Step 2: Selecting Your Polishing Tools – Gather your polishing essentials

After such preparation, you can go ahead and get your polishing tools. You will need three things to do so:

To be on the safe side it is best to start working with a soft pad and a polishing paste with a low abrasive formula. Bear in mind that improper tools (such as a pad that is too hard) could cause damage to the paintwork!

Step 3: The Polishing Process

After applying the paste to the pad, polish the paintwork in a circular motion, maintaining the same amount of pressure. It is best to work on small fragments one by one. You should also pay attention to the condition of the pad. If it is worn out, it should be replaced. Polishing a car by hand requires not only a lot of patience and concentration, but also the right conditions. It should not be carried out in sunny or dusty places, and a stable temperature and humidity are also recommended.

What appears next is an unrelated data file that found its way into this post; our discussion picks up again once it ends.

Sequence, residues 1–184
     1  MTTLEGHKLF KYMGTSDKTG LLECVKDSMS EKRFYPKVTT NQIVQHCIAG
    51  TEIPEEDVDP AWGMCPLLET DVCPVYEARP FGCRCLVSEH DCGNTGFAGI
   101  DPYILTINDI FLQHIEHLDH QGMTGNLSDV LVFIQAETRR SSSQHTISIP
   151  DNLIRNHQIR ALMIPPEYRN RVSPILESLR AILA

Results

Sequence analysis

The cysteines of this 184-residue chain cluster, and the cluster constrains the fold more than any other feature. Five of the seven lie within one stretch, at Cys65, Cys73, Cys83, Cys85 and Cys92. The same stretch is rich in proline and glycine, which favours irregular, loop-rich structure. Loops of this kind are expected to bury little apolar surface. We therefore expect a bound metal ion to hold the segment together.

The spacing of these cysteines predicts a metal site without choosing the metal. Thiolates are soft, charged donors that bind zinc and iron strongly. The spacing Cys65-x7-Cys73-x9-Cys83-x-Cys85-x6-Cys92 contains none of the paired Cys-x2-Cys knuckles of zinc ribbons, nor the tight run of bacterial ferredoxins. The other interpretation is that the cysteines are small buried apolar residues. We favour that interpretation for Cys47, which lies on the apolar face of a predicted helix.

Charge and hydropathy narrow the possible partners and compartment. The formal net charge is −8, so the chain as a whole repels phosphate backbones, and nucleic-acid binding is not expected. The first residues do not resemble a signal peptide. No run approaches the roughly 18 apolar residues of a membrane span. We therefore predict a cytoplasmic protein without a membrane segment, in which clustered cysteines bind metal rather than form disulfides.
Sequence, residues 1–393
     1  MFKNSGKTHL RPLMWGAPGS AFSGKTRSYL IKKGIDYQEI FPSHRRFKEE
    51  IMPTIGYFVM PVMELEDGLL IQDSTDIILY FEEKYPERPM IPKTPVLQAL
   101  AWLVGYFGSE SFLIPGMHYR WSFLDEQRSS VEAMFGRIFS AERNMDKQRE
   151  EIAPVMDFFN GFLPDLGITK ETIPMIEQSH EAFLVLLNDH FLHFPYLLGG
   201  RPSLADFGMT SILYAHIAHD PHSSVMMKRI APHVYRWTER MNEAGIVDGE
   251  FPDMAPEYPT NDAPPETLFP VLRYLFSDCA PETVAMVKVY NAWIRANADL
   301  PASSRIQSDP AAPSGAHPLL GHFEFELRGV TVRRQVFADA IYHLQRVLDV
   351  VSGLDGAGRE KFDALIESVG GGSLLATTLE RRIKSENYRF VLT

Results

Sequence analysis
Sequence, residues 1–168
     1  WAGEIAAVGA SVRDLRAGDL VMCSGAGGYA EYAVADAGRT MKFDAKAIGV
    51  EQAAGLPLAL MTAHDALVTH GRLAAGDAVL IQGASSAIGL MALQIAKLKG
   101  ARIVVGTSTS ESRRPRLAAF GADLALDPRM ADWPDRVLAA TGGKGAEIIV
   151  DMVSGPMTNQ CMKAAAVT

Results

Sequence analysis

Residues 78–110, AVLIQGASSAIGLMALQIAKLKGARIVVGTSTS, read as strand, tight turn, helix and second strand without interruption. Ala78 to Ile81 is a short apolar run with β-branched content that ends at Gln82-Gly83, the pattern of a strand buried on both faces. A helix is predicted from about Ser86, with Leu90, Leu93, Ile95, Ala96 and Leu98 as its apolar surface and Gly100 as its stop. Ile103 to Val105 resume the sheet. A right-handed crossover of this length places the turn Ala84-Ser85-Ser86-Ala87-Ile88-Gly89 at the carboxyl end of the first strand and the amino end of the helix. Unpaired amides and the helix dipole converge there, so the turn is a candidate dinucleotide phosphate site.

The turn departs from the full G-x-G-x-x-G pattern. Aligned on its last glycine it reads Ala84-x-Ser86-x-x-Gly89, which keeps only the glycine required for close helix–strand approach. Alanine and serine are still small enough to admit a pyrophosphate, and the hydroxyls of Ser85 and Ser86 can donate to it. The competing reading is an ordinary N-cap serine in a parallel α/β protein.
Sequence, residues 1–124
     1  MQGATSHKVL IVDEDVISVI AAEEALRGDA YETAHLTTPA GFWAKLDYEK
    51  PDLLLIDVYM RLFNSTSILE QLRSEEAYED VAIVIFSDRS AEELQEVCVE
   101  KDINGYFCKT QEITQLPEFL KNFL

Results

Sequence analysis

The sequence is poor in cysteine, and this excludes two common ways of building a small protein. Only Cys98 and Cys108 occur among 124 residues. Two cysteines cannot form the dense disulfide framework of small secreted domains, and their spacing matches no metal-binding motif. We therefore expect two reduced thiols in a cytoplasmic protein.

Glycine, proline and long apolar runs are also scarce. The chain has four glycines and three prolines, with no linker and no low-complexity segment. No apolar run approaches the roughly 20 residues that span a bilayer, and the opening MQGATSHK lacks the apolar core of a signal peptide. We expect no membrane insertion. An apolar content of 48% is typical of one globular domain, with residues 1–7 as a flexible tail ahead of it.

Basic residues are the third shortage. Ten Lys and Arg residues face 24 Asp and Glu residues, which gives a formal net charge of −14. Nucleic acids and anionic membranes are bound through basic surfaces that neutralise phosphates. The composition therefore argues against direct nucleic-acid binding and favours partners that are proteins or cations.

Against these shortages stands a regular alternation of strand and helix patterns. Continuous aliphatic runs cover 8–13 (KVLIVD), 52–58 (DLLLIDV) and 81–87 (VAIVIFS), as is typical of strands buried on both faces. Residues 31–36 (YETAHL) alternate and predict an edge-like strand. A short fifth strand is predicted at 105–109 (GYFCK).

Polishing your car paintwork

Polishing a car will not only make the paintwork have a nice shiny finish, but will also remove small scratches or damage. Below we present the most commonly used tools for this purpose, as well as the most common accessories.

Polishing your car after painting

Polishing is the final stage of painting a car. The repaired parts should look the same as the rest of the bodywork. In such cases, use a rotary polisher with rotation stabilisation. Professionals do not recommend using angle grinders for this purpose.

Polishing your car with an angle grinder

So what can an angle grinder be used for? In the case of polishing, an angle grinder is primarily used to mechanical remove signs of corrosion. This requires the use of sandpaper. Bear in mind that angle grinders used at high speeds can even destroy the sponge.

Polishing car scratches

Varnishing is not always necessary to get rid of scratches. If the clear coat layer has not been cut, polishing should be enough. You can get rid of minor, superficial scratches on your own, polishing them by hand with the use of polishing paste. If the damage has reached the deeper layers of the paint, then unfortunately you will need to visit a professional paint shop.

Car polishers

Car polishers are designed specifically for polishing car paintwork. There are two basic types of such equipment: